Toronto author sends Anne Frank's diary to German politician after copyright complaints
It seems odd that a Toronto author would go out of his way to send a copy of Anne Frank's diary by snail mail to a member of the European Parliament. After all, the book based on the diary of the Jewish Holocaust victim is widely available.
But John Degen still felt it was necessary to mail a copy of Anne Frank's Diary of a Young Girl. It all started when the author and executive director of the Writers' Union of Canada spotted this tweet, on Tuesday:
Julia Reda, a member of Germany's Pirate Party and an MEP, was complaining that the book should be in the public domain since it has been more than 70 years since Anne Frank's death. The Pirate Party advocates for reform of copyright and patent laws.
Degen took issue with Reda's tweet. He explained his position to As It Happens host Carol Off.
"I'm not sure there's a more accessible and more available book in the world than the diary of Anne Frank. I wanted to prove that to her by walking 10 minutes from my office and buying it for her," Degen says.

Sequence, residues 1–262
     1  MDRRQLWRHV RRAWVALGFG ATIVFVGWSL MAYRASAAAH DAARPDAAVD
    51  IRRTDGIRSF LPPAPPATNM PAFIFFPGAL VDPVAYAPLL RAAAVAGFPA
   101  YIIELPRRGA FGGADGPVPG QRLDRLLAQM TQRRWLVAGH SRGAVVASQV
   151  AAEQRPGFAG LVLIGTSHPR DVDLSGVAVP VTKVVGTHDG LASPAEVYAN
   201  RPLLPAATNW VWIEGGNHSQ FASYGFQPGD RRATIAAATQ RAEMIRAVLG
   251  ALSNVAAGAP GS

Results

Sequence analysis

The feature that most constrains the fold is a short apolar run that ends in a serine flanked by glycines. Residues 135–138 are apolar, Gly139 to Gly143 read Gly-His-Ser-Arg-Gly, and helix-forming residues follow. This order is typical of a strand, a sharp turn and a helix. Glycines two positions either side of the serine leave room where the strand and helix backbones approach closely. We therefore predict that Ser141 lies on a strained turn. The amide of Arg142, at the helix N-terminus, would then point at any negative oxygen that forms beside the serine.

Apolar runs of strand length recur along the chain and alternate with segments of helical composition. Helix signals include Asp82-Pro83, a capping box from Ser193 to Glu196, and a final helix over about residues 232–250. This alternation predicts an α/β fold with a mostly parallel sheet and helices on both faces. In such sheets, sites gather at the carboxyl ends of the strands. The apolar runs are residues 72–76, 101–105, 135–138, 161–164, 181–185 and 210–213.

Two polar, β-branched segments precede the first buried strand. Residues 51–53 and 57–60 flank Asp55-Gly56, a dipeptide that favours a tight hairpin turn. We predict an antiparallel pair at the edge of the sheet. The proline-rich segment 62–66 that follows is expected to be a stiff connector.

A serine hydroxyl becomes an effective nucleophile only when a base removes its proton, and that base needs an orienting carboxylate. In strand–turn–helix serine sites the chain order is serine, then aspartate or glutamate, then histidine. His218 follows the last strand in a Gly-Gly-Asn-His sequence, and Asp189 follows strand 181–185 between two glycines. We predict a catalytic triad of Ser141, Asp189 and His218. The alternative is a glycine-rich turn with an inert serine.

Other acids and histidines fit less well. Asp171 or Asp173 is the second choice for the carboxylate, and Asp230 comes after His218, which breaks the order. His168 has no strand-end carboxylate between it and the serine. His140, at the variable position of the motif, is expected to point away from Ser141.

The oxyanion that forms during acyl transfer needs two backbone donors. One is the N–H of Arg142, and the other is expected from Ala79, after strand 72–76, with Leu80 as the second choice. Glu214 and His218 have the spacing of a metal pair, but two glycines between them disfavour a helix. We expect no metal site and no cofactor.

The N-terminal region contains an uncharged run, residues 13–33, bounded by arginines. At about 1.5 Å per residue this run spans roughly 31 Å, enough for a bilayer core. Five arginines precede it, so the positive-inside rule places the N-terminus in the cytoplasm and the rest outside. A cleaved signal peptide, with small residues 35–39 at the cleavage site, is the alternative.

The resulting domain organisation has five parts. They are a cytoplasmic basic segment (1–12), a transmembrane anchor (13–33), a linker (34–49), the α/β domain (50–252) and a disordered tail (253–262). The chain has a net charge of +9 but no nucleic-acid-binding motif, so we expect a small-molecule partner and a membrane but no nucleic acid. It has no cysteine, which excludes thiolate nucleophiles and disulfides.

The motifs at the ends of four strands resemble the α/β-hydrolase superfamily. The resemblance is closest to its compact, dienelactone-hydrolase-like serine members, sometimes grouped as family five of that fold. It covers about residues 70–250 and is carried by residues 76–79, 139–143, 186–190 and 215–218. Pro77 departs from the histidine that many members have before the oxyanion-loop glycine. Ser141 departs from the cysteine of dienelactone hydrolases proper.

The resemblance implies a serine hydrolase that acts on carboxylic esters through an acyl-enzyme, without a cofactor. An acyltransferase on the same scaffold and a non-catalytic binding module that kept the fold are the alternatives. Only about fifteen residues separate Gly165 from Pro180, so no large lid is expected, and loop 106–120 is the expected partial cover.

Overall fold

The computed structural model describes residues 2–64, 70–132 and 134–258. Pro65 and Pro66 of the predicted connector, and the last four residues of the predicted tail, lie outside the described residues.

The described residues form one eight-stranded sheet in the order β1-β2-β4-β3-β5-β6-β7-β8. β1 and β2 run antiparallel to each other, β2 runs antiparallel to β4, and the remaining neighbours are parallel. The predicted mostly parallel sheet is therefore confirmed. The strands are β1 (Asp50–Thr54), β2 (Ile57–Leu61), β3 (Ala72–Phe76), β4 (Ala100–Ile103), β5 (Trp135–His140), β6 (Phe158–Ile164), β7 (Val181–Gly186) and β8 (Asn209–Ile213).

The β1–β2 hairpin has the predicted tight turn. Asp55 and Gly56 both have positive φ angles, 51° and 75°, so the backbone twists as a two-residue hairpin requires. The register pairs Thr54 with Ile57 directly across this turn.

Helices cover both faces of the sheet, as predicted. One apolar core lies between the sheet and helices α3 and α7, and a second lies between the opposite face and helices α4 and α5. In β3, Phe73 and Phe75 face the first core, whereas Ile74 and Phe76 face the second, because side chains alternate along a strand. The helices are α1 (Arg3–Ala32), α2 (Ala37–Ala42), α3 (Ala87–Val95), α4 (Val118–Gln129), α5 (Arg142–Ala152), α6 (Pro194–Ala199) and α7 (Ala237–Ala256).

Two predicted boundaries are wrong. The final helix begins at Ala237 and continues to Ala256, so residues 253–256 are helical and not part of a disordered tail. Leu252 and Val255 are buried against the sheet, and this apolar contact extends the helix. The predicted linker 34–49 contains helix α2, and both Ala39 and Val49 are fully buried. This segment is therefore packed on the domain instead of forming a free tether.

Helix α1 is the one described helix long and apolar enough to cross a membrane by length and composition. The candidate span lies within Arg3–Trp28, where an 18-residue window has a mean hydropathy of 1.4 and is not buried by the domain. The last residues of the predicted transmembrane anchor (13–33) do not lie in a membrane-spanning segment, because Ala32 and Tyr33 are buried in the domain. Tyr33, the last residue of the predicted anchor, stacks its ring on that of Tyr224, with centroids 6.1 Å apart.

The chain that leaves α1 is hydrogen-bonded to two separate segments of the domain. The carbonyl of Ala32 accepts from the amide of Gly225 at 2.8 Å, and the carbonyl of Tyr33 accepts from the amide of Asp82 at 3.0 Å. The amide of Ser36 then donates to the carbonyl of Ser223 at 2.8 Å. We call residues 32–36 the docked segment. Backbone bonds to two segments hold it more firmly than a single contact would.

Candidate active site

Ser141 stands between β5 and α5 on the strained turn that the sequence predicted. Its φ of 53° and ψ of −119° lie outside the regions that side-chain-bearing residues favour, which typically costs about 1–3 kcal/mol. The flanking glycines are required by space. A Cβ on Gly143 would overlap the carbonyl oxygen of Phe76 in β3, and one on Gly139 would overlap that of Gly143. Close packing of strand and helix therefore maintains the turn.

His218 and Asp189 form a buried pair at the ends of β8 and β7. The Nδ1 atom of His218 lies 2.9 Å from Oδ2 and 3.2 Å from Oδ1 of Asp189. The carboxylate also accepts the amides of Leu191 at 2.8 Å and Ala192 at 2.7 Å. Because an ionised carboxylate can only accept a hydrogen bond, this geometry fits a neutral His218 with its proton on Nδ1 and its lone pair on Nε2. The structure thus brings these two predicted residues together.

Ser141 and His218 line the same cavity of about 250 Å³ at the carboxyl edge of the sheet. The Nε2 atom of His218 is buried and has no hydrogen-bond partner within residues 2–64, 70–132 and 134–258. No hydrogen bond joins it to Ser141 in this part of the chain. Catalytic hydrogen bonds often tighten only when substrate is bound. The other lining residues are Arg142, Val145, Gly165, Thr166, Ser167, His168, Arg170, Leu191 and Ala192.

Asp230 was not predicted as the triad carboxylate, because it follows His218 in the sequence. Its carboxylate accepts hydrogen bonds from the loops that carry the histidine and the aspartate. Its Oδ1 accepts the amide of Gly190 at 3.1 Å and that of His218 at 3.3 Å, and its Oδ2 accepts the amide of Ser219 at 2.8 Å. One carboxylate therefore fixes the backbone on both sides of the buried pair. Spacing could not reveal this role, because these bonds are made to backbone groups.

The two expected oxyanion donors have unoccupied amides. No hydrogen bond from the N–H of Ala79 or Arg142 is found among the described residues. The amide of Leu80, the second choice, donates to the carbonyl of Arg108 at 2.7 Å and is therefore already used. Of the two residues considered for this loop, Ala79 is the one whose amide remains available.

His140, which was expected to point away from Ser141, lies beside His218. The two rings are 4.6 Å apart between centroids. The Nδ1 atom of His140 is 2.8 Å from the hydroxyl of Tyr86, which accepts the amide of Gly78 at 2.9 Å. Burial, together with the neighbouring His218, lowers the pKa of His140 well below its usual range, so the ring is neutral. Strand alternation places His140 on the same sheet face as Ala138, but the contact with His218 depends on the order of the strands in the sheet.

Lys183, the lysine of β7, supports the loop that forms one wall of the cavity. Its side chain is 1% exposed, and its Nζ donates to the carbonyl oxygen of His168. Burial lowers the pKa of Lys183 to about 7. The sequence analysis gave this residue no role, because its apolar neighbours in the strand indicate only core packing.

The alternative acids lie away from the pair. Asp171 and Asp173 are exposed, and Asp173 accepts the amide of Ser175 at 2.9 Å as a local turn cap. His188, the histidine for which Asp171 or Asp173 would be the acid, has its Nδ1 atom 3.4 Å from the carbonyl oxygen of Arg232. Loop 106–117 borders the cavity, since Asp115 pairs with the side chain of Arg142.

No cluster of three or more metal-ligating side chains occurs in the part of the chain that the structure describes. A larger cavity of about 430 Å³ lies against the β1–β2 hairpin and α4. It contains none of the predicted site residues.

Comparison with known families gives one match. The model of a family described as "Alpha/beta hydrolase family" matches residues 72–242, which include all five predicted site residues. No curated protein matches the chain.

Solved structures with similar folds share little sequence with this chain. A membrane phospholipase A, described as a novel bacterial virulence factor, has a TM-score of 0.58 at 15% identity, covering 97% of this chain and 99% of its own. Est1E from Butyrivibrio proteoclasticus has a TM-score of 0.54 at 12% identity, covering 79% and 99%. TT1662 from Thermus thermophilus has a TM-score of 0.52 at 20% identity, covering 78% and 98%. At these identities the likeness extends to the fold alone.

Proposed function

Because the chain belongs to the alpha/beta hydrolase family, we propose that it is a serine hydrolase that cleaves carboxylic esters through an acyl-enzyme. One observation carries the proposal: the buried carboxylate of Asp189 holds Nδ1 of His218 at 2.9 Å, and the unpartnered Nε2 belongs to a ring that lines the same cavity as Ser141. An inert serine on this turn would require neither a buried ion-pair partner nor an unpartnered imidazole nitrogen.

Soon after Degen's offer to send the book to Reda, the politician blocked him on Twitter. Instead, he got a response from one of Reda's political staffers.
Earlier this year, the book was caught up in a European copyright battle after the charity foundation in her name argued the diary should still be covered under copyright.
In recent months, anti-copyright supporters have argued for the book to fall under public domain.
"The diary should be a powerful part of our collectively-shared public domain. Instead, the fragmented, varied rules about the duration of copyright across Europe has made the work inaccessible to so many potential readers," says the campaign's website for #ReadAnneDiary.
Degen says that anti-copyright supporters should consider the tragic circumstances around why the diary is out of copyright, instead of celebrating it. The German-Jewish teenager, was killed in a Nazi concentration camp.
"If Anne Frank had not been killed in 1945, no one would be celebrating her book entering the public domain right now. I think the Pirate Party of Germany chose the wrong book. I find it extremely offensive."